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Quote:
Original post by Servant of the Lord
Quote:
 Original post by ZahlmanHave you considered just using floats for all the variables in question? What problems would it cause?

Well, I'll have to typecast them somewhere along the line.

Why? :)

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I am always very explicit in my casts, using the actual static_cast<> feature instead of the C style casts. Yes, it makes the code a bit more verbose, but there is then no question as to your intention. I find it makes hunting down cast related bugs easier.

If you find you're doing a lot of casts, take a look at the data types you're using to begin with and perhaps change them. In your particular case, why not have damage, distance, and range be floats? I could easily see the case where you may want fractional damage, distance, and range. You can always round to an integer for some final output.

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Quote:
 Original post by scjohnnoNote that all you accomplish by forcibly casting from a float to an int is making the warning go away. The risk of data loss will still be there; the compiler will just stop telling you about it.

By risk of data, do you mean when casting from float to int, cutting off the decimal points, and when casting from int to float, potentially 'random' values if my int is a large value? I'm, in the parts of the code I'm dealing with, using rather small values (under 1000), and I don't care about the decimal point loss (in this particular code, I mean), I don't need great precision. It's something I need to remember, though. And, like I mentioned in a post above, I definitely don't want to disable the warnings for the entire project, or even the entire file, just specific lines (which casting takes care of).

Quote:
Original post by Zahlman
Quote:
 Original post by Servant of the LordWell, I'll have to typecast them somewhere along the line.

Why? :)

What benefit do I get from making the entire game (or most of it) use floats instead of ints, when I only need a few functions to use them? It's a good point you are making, and I'd follow that advice, and make the variables floats if they were contained just in that function, or that one class.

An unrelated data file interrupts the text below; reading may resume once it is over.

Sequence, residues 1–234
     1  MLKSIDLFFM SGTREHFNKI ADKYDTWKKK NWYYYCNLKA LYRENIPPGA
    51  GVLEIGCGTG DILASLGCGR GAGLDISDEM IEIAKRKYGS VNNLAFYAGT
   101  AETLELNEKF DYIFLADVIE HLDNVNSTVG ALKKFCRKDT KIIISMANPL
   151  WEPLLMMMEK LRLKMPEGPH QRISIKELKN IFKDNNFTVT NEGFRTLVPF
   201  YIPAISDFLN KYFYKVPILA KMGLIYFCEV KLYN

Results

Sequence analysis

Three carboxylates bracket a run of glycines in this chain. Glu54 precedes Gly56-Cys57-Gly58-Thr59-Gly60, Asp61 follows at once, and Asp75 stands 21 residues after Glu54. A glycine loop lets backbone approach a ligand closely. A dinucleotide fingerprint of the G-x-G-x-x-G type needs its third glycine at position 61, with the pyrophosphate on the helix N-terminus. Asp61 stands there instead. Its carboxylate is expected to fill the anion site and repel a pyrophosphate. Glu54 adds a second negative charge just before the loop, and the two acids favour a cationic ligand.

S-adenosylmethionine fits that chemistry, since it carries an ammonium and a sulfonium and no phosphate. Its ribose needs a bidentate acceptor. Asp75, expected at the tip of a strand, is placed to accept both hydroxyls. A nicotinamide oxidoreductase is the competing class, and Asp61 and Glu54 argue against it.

However, that's not the case. Due to poor design, or rather, no actual planning how my game works, and coding as I go along, the code is a mess.

The class isn't contained within itself. The class is tightly coupled (I believe that's the term) with 2 other classes and a struct, and receives values as ints from even more classes. I'd have to change a great deal of code, just to make these 2 or 3 spots avoid type casting. It'd be a whole different story if the classes didn't rely on each other so much.

(You can stop reading here if you want - Everything below this line can be ignored if you don't care for my excuses. [smile])

It's my first real game that I haven't stopped working on halfway through; it's pretty horrible code. I don't intend to make the same mistake on my next project, especially not after having read the book 'Code Complete'. I don't feel up to rewriting it entirely though, so I intend to finish the game as it is, since I've gotten most of it completed and working. On whatever my next game is, I am going to try and figure out how the code itself will work before actually coding it. (Designing ahead of time not just how the game will play(which I did do on this current project), but also how it'd work behind the scenes)

The code is so horrible that instead of having some kind of message system, to pass information around, every class can access any other class via pointers by accessing their owner class. So 'Ship' points up to 'ShipManager', which points up to 'Game' which points down to 'PlayingField'.
The game is about 90% complete, having whittled my 'ToDo' list down almost entirely, and getting every major (and most minor) features implemented except for ship-to-ship attacking. If I was to rewrite the majority of the code, I'd rather just scrap the project and start fresh on a new one. But I feel I really need to finish this project before starting on something new, to break out of my cycle of unfinished games. Since it's so close to completion, I'm just going to finish it and get it over with.

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Quote:
 Original post by Servant of the Lordwhen casting from int to float, potentially 'random' values if my int is a large value?

The other way around. A float's maximum value is 3.40282e38 (on my install of VS2008 anyway), whereas int's is much less at 2147483647.

It's pretty unlikely that it'll be a problem, but the compiler is letting you know of the possibility just in case. It's more of an issue if you're ever using a small type such as char, or are casting from a double to a float. Weird things can happen when a variable in your code gets a seemingly random value, and it's not the easiest bug to identify.